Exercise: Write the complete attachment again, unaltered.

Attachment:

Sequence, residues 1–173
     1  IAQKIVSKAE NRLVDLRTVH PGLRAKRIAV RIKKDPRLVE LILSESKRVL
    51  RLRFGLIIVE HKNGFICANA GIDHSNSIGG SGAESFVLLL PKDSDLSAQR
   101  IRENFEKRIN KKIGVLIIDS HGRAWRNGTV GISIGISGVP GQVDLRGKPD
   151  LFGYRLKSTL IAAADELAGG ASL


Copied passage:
Sequence, residues 1–173
     1  IAQKIVSKAE NRLVDLRTVH PGLRAKRIAV RIKKDPRLVE LILSESKRVL
    51  RLRFGLIIVE HKNGFICANA GIDHSNSIGG SGAESFVLLL PKDSDLSAQR
   101  IRENFEKRIN KKIGVLIIDS HGRAWRNGTV GISIGISGVP GQVDLRGKPD
   151  LFGYRLKSTL IAAADELAGG ASL